That includes educating the CEO that his comment about Wells’ culture is absurd and that the culture needs to be fixed.

It also includes holding senior management to account. Hopefully we will hear more about that in time.

What do you think?

Do you agree with my comments?

What would you expect from the board, risk management, and internal audit?

  1. shaken and angered
    September 10, 2016 at 1:38 PM

    There is nothing new under the sun…and still these deliberate acts of fraud continue to surprise us. Honesty and integrity are key ingredients that are clearly missing in Corporate America.
    My question…how could this have gone on for 6 years and no one thought to expose the deceit? If pervasive, key people knew and made a conscious decision to turn their backs.
    So many players in this disappointing web of deceit. Sales goals, bonuses, trips and incentives…at what price?

  2. RP
    September 10, 2016 at 2:09 PM

    Since Berkshire Hathaway owns about ten percent of Wells Fargo’s outstanding shares, this quote from Warren Buffett seems appropriate: “In the world of business, bad news often surfaces serially: You see a cockroach in your kitchen; as the days go by, you meet his relatives.”

    As a shareholder, I would obviously be concerned about senior management’s failure in this case, but also wonder, “What else is out there?” Is the mortgage portfolio going to suffer problems X years down the line because of problems happening today, or even a few years ago? It seems like large American financial institutions just can’t help themselves, which is why they tend to implode spectacularly every generation or so.

    Let’s see how well “corporate governance” functions based on the board’s response. IMHO, the CEO should be fired: if two percent of the company is engaged in systemic and widespread fraud, I simply cannot trust him to run things competently and honestly.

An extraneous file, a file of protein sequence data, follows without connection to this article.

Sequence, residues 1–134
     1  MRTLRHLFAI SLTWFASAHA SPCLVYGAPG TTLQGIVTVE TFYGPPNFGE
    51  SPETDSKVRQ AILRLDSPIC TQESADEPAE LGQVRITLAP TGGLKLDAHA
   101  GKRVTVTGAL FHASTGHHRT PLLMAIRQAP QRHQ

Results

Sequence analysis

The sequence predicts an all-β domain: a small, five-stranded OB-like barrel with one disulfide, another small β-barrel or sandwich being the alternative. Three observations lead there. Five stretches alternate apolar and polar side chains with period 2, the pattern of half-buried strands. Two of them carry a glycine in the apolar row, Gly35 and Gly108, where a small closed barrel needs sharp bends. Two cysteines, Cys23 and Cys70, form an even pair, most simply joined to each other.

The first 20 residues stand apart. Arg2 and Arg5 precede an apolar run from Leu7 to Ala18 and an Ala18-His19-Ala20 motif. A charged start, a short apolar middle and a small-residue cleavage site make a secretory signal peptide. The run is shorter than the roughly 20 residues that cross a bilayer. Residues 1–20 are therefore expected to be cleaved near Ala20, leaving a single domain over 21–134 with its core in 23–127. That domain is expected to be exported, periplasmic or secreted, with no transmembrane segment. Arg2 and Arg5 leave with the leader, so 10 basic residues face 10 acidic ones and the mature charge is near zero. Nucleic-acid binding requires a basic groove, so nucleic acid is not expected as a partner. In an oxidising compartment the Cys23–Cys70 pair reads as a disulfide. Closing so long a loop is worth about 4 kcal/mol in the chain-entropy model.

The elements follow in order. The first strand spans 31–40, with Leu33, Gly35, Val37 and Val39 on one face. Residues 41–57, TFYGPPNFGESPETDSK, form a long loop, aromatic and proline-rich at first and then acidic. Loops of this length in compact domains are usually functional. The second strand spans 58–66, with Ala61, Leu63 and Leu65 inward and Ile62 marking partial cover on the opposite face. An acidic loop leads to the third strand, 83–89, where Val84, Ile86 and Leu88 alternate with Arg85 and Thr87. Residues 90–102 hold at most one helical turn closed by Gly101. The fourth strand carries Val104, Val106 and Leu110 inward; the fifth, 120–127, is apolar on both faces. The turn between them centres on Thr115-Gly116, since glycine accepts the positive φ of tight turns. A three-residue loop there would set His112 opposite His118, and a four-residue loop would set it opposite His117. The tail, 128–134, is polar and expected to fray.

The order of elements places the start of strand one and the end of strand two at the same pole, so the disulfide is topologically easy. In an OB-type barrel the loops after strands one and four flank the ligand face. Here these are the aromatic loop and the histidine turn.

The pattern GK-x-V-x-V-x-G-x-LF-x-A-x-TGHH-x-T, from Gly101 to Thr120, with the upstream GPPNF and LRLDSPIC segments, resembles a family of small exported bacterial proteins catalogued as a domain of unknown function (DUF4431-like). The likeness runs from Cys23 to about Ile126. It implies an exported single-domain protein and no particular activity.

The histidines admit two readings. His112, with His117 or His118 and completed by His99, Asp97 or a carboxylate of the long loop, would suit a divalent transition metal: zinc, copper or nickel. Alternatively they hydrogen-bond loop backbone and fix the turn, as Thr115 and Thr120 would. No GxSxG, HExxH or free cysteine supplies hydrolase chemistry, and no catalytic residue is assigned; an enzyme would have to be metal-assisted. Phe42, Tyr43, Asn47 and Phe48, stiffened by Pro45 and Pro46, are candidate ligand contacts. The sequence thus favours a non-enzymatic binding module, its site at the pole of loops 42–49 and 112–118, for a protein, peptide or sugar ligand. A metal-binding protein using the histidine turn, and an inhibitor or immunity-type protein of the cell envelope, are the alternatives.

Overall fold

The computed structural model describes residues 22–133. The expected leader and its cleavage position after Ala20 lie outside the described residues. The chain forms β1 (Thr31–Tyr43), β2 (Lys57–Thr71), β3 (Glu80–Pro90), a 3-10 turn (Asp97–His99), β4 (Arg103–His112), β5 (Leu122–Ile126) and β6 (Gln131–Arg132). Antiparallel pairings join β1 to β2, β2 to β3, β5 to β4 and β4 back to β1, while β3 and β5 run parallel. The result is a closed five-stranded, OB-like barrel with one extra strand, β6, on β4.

3. Tony Wade
    September 10, 2016 at 2:18 PM

    I think this going to be a perfect example of the need for behavioral regulations and risk management practices. I agree this is huge and could trigger a seismic shift in the way consumer compliance is regulated and supervised. People are already saying this enforcement action proved the need for the CFPB.

  4. Bruce McCuaig
    September 10, 2016 at 4:15 PM

    I share your views. It’s a stunning breach and an outrageous explanation. Surely there is more to this story. We deserve to know more.

  5. September 10, 2016 at 4:32 PM

    As long as senior mgt in the chain of command escape accountability nothing will change. CFPB should campaign for laws that treat this sort of fraud just like wire or mail fraud. In fact since fraudulent bills were sent either through the mail or electronically it did involve prosecutable fraud under federal law.

    Perhaps CFPB should refer their data to DOJ/FBI.

    Board should strip everyone in the chain of command of bonuses and claw back anything issued or paid. Right up to the CEO.

  6. Mike Corcoran
    September 10, 2016 at 4:57 PM

    I share your disgust for their colleague actions and their leaders that constructed and condoned a fraudulent culture at Wells Fargo. The response from the C Suite and lack of recent BOD involvement in describing the ethical protocals they oversaw is amazing. Very poor response and Wells on Notice.

  7. September 10, 2016 at 7:14 PM

    Trust and Integrity are the bedrock of Financial Institutions. This is a clear failure of Risk Management; Compliance; and Internal Audit (the 2nd and 3rd Lines of Defence) who are the “stops” to weakness/failure in the 1st LOD and “eyes” of the Board. We know and therefore can and should anticipate risks that certain “incentive” actions may create. Therefore controls are put in place to first prevent these risks (operational in this instance) from crystallising, key risk indicators set and monitored, active monitoring of customer complaints and an efficient whistle blowing system put in place. These are the basic risk management 101.

  8. Ceek
    September 11, 2016 at 2:36 AM

    You have managers of credit risk, market risk and operational risk but where does the management of “business” risk reside? When Boards launch new business initiatives (as seems to be the case here) do they really consider what “too good to be true” looks like? Do they ever think about how that risk is monitored and will be reported to them? Does IA ever look for that as part of its assessment of risk management?

  9. Paul Kurgan
    September 11, 2016 at 6:20 AM

    A great article and the other comments are spot-on. The regulators and enforcement people are currently doing a deep dive into many of Wells practices as it suspects more unethical conduct in other parts of the bank. We have not heard the end of this story.

  10. September 11, 2016 at 7:52 AM

    I think it’s also worth noting that Wells Fargo almost certainly had been rated as having effective controls in accordance with COSO. Now that’s something to think about, particularly on the part of their external auditor